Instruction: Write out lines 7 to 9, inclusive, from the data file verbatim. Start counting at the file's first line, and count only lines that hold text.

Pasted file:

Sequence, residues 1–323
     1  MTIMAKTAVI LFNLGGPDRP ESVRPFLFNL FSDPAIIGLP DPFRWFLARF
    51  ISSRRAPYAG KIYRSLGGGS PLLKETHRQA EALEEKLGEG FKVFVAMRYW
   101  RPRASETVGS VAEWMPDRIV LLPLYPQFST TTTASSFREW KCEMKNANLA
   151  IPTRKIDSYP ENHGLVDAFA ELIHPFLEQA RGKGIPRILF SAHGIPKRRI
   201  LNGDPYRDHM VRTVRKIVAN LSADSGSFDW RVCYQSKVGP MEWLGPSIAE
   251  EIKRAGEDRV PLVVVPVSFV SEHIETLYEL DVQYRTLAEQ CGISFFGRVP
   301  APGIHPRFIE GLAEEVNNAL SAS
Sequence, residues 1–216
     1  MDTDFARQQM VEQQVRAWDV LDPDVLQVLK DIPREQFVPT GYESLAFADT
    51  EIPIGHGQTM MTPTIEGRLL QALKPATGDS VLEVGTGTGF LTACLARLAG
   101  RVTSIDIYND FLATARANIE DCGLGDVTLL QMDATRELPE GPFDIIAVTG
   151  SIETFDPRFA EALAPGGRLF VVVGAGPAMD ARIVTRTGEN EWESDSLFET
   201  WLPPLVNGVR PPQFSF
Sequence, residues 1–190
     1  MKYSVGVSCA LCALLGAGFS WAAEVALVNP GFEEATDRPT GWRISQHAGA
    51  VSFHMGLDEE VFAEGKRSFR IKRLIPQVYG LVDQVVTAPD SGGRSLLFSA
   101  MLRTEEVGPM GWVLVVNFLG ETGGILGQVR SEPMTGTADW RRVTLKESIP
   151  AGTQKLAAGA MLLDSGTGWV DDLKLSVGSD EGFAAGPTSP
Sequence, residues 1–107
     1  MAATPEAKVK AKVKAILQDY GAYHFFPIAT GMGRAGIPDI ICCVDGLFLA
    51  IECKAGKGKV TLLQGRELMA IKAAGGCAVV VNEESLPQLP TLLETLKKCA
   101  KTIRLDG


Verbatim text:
   251  EIKRAGEDRV PLVVVPVSFV SEHIETLYEL DVQYRTLAEQ CGISFFGRVP
   301  APGIHPRFIE GLAEEVNNAL SAS
Sequence, residues 1–216